Hot Summer Vegetables That Beat the Heat

Most Americans experienced one of the hottest summers on record last year, and die-hard summer vegetable gardeners were more intimately tuned into the heat — spending untold hours watering and nurturing crops through the worst of the weather. This year, wise gardeners will enter the season prepared with proven heat-tolerant summer vegetables able to produce even through the worst heat waves.

Even among warm-season vegetables, some are more resilient to harsh, hot growing conditions than others. For example, not all tomatoes and peppers continue producing fruit once temperatures exceed 95° Fahrenheit, while others seem made for hot days and nights. Likewise, some bean and squash species are better adapted to heat than others.

Over the years, researchers and trial gardeners across the country have tested many vegetables for heat tolerance, with some varieties showing exceptional resilience. Then there are those popular southerly vegetables that everyone knows make good in the heat.

Summer Vegetables for Heat

Here are some “hot,” reliable favorites to consider adding to your midsummer garden this season.


Amaranth leaves and seeds are nutritious, and the plants are pretty!

The unique red leaf vegetable amaranth (Amaranthus tricolor) is like most amaranths, tough and resistant to both high heat and moderate drought. Its tender green leaves have reddish-purple inner markings and a flavor comparable to spinach. Young leaves can be eaten fresh in salads or sautéed like spinach or Swiss chard. It is a must-have green for the sustainable vegetable garden.

Yardlong Bean

Yardlong beans produce for far longer than average green beans, and their beans are huge.

Beans are favorite summer vegetables, but the vigorous, vining asparagus or yardlong bean (Vigna unguiculata ssp. sesquipedalis) grows particularly well when daytime and nighttime temperatures are high. Asian in origin, it is widely cultivated in both temperate and tropical Asia. Its tender pods grow to great lengths of 16 inches or more, and vines begin to produce very quickly in warm weather—usually only two months after planting. When picked young and tender, the beans are wonderfully crisp and flavorful, and well-harvested vines produce longer-than-average pole beans, even in scorching hot, humid weather. The purple-podded form is particularly high-performing, tasty, and loaded with nutrients.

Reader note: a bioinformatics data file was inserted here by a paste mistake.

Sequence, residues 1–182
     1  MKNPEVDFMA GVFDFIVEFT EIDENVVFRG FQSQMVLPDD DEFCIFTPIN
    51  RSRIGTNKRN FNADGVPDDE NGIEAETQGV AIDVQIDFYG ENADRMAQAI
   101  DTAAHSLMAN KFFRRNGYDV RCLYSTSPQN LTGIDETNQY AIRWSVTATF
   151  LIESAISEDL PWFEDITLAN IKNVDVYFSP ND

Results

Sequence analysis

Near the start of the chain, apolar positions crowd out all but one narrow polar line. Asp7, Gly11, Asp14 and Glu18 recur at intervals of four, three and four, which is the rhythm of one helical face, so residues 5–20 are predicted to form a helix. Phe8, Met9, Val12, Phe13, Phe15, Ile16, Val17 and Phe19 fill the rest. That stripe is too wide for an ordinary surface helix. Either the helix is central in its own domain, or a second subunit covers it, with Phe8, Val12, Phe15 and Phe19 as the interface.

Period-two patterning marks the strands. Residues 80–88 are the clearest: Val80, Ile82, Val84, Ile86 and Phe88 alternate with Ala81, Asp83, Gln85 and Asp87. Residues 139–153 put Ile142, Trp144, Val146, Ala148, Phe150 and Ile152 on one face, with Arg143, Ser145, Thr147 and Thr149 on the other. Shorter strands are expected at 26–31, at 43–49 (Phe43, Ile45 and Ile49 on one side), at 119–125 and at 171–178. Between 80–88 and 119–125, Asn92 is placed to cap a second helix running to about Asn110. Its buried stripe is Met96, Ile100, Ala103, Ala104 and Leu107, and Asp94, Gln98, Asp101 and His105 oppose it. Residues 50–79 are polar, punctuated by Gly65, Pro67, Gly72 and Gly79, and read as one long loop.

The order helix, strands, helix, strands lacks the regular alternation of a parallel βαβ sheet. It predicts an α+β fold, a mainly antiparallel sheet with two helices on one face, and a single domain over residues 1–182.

Asian Eggplant

Southeast Asian Eggplants, such as ‘Ping-Tung Long’, are wonderfully heat-resistant!

Similarly, the sweet, non-bitter, Southeast Asian eggplants are some of the most delicious and best adapted to high heat. Two of the finest varieties for flavor and performance are the tender, long-fruited ‘Thai Long Green’ (8-10” long green fruits) and Taiwanese ‘Ping-Tung Long’ (12-16″ long purplish-red fruits). Both are mild, thin-skinned, and produce reliably in sweltering weather.


The AAS award-winning peppers ‘Orange Blaze’ (left) and ‘Holy Moly’ (right) seem made for hot summers. (Photos courtesy of All-American Selections)

Peppers, sweet and hot, are always good for a very warm warm-season garden. Hot peppers are especially reliable in the heat; three highly recommended varieties include the super spicy classic jalapeno ‘Tula’, wonderfully flavorful pasilla-type pepper ‘Holy Molé’ (2007 AAS Winner), and classic spicy-sweet red bell pepper ‘Mexibell’ (1988 AAS Winner). Of the sweet bell peppers, nothing beats the tough, disease-resistant ‘Orange Blaze’ ( 2011 AAS Winner) and its crisp, bright orange peppers.


The prolific okra ‘Annie Oakley’ is one of many great okras that thrive when it’s hot.